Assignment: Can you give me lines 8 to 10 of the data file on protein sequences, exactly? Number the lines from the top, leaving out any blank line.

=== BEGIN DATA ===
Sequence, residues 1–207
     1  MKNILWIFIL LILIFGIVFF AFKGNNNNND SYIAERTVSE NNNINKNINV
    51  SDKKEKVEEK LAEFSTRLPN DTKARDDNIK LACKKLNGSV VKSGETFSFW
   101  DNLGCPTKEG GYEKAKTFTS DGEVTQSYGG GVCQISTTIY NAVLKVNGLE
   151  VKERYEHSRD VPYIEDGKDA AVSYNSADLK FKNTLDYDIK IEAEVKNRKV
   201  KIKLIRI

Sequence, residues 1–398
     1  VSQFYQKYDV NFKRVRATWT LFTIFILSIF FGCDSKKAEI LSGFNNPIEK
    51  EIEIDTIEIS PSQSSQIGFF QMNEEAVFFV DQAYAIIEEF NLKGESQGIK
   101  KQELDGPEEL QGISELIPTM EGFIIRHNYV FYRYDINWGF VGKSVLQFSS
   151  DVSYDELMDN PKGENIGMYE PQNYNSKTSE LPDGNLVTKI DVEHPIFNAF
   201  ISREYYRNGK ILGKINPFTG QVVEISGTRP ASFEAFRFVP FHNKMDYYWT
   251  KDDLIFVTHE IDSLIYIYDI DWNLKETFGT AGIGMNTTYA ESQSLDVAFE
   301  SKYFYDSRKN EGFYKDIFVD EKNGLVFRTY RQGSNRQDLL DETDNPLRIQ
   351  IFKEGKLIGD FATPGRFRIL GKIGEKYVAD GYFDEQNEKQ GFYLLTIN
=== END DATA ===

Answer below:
     1  VSQFYQKYDV NFKRVRATWT LFTIFILSIF FGCDSKKAEI LSGFNNPIEK
    51  EIEIDTIEIS PSQSSQIGFF QMNEEAVFFV DQAYAIIEEF NLKGESQGIK
   101  KQELDGPEEL QGISELIPTM EGFIIRHNYV FYRYDINWGF VGKSVLQFSS